Doing the right thing may not be as easy to influence as one would think. When it comes to creating that business case to support a change towards a more accessible workplace, it is essential to understand not only the colleague’s perspective but also the business impact and risk.
This weekend, I had a bit of car trouble that required my car to be towed from my home to a local dealership to be fixed. Nothing special, happens all the time, right? Well, not exactly. I came out of my house to greet the tow truck driver to make sure he knew where to take the car, etc. In doing so, I noticed he didn’t have a mask on but didn’t worry about it because we were distancing ourselves (6 feet) per CDC recommendations, and we were outside. As we were talking, he shared with me the consequences of masks for those with a hearing disability. He shared that he cannot always hear well and relies on reading lips to communicate.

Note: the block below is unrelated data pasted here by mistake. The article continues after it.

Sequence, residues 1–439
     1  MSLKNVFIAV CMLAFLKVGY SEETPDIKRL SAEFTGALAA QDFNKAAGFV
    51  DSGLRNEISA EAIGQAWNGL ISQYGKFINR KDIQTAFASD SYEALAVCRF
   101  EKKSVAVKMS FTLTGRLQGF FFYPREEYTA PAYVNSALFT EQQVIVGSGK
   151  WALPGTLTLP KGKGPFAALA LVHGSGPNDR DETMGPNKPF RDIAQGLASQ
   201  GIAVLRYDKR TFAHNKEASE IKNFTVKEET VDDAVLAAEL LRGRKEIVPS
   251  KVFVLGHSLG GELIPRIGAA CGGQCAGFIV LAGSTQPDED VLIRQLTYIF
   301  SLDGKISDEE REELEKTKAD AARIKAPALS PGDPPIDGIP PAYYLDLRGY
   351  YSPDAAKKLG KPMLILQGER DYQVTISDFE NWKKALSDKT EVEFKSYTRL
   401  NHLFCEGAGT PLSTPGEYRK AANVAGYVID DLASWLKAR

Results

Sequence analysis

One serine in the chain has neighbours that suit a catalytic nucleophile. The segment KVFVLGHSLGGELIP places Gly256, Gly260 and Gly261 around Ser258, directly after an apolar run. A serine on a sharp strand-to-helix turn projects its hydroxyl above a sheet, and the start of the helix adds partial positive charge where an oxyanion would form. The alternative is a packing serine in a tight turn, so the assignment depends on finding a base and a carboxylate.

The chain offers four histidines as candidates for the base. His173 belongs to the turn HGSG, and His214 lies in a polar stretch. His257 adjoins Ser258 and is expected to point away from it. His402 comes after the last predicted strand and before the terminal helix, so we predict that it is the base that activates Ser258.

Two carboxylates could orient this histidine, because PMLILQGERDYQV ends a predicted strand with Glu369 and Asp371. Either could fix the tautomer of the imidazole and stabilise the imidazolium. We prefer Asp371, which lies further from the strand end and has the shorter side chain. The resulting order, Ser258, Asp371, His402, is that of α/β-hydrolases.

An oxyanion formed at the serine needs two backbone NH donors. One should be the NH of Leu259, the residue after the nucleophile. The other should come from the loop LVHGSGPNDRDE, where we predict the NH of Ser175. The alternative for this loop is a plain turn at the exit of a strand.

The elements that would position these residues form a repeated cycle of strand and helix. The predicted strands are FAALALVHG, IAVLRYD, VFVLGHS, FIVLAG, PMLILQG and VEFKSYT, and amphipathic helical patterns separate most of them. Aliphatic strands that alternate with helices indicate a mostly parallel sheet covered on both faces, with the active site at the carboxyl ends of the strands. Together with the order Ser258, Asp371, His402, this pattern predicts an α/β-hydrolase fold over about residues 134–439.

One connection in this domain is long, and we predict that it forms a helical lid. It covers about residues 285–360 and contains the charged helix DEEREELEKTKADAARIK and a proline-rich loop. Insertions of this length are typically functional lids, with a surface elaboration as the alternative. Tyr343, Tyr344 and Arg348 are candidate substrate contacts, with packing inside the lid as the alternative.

Back in March I attended the Training Industry Inc, Future of the Workforce Conference, and had the pleasure of attending the session led by Sonia Malik @ IBM. Sonia presented on automation, the future of work, and building a skills revolution inside of IBM – her presentation was informative and very relevant for learning organizations today. If you are interested, you should check out the recording here. But I digress.
I was first introduced to the movie Monty Python and the Holy Grail in my senior year of high school. A teacher of mine thought me as way too serious of humans and suggested I need to learn to have a laugh. She gave me a copy as a gift (VHS not DVD thank you very much) and it became one of my favorite movies.
As a child of the 70/80’s I grew up believing that if you wanted to be great – all you had to do was eat your frosted flakes every day. I was totally that kid that Tony the Tiger was created for! As an adult, I realize that being great is a somewhat more complicated proposition – individually and for organizations.